Even Radiohead can be surprised by the difference a rock band can make. On Sunday, the forward-looking Oxford quintet took a break from recording sessions for its next album to perform at the Henry Fonda Theatre in Hollywood and raise desperately needed funds for Haiti earthquake relief. “This is how much money we made,” singer-guitarist Thom Yorke announced late in the two-hour concert, as he was handed a card with a final tally. “Gross: Fuck me! $572,774!”
Tickets for the night’s “Radiohead for Haiti” concert were sold over the weekend via online auction, with a top price paid by one fan at $4,000 for a single pair. “What did you do to get a ticket?” Yorke joked with the crowd. “Get money from your dad? Or blackmail your boss?” The all-star audience included Justin Timberlake and Jessica Biel, Flea, Drew Barrymore, Paul Thomas Anderson and Anna Paquin.
Look back at Radiohead’s history in photos.
For hardcore fans crowding the old theater, it was a bargain, with an epic, emotional set that stretched from career-defining work from the mid-’90s to debut of a new song, the brooding “Lotus Flower,” which Yorke had previously performed without Radiohead. The night began quietly with Yorke and guitarist Jonny Greenwood alone onstage, each plucking the spectral acoustic melody from 2007’s “Faust Arp,” as Yorke sang in the hushed tones of Elliott Smith: “I’m tingling tingling tingling/It’s what you feel, not what you ought to.”
The band was at their stripped down essence, with none of the bright lights and visual effects of Radiohead’s 2008 performance at the nearby Hollywood Bowl. The 1,300-capacity room’s much smaller setting revealed the subtleties within band’s layered sound, though Yorke kept insisting they were in recording mode (and still working on a new album in Los Angeles) and a little rough onstage. “Feel free, man, to sing along,” he said. “Chances are, we’ll forget the words.”
Radiohead performed without attempting to say anything profound about the ongoing tragedy in the Caribbean nation, allowing the emotion and power of their songs to speak for them. Ticket proceeds were to be directed to Oxfam International, and more was raised from the sale of a limited edition show poster at $25 each, plus spare cash dropped into green buckets wielded by volunteers.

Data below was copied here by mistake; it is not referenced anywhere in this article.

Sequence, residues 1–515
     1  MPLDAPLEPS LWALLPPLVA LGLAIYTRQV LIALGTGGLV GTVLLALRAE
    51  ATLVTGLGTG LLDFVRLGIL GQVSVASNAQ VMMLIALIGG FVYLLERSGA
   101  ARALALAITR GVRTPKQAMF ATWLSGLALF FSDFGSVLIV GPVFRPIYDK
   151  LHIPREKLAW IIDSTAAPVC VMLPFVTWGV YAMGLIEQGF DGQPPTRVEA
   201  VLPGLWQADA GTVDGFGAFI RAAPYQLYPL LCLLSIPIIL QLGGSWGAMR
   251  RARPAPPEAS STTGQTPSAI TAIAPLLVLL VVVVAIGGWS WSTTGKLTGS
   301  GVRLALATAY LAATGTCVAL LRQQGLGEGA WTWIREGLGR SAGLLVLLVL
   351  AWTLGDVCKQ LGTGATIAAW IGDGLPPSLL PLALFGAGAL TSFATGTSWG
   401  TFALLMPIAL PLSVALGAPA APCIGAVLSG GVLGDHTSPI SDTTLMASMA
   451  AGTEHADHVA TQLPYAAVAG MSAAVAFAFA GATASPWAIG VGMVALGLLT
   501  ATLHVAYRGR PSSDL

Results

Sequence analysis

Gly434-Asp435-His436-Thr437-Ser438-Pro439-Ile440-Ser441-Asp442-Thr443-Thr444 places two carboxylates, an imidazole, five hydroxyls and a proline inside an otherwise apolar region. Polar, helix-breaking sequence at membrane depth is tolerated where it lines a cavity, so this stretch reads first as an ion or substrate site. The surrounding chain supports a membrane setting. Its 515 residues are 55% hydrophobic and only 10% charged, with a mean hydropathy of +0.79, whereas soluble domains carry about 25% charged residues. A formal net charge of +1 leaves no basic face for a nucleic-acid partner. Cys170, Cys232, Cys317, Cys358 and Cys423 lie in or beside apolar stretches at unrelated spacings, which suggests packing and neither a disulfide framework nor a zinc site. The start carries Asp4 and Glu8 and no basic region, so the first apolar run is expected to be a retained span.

The band’s depth of feeling was heard within the sad, hopeful “Fake Plastic Trees” (from 1995), which soon erupted with the slashing guitars of Greenwood and Ed O’Brien before Yorke’s closing pleas of heartbreak: “If I could be who you wanted/All the time, all the time,” as fans swayed and sang softly along.
From there, Radiohead moved to material Yorke called “more up to date,” as the singer bounced anxiously behind the microphone to the grooves, his falsetto colliding with explosive beats and guitars and electronics, unshaven and casual in a blue-and-white plaid shirt. During “National Anthem,” Greenwood plugged into some random local radio signals, while his brother Colin rolled into a heavy bass groove of static and beauty. As the mournful “Dollars & Cents” came to a close with some aggressive, chiming guitar blasts from O’Brien, he and Yorke shared a laugh.
For “Lotus Flower,” Yorke stood alone onstage with an acoustic guitar, finding a bluesy, melancholy pattern as he sang a mournful, “I will slip myself into your pocket / Now I set you free, I set you free.”
The first of two encores began with Yorke alone at an upright piano, his back to the crowd, singing “Everything In Its Right Place” (from 2000’s Kid A — RS’ best album of the decade), pounding the stirring chord riff. He was soon joined again by the full band for “You and Whose Army?” as he cupped his hands around the microphone to sing, glancing and glaring playfully at fans over his shoulder between lyrics.
The crowd kept shouting more song titles. “Yes, we’ll get to that,” Yorke told the front rows. “You’re not in a hurry are you?”
“Fake Plastic Trees”
“The National Anthem”
“How To Disappear Completely”
“A Wolf at the Door”
“Dollars & Cents”
“Everything In Its Right Place”
“You And Whose Army?”
“All I Need”
“Street Spirit (Fade Out)”
For more of Rolling Stone‘s ongoing coverage of the music industry’s response to the crisis in Haiti, check out the following stories:
• Hope for Haiti Now: Rolling Stone Live Blogs the All-Star Telethon
• Inside the Recording of Bono and Jay-Z’s Haiti Single “Stranded”
• Dave Matthews Band, Lady Gaga and More Stars Rock to Aid Haiti
• Radiohead Announce Haiti Benefit Show in Los Angeles
• Rihanna Covers Bob Marley’s “Redemption Song” for Haiti Relief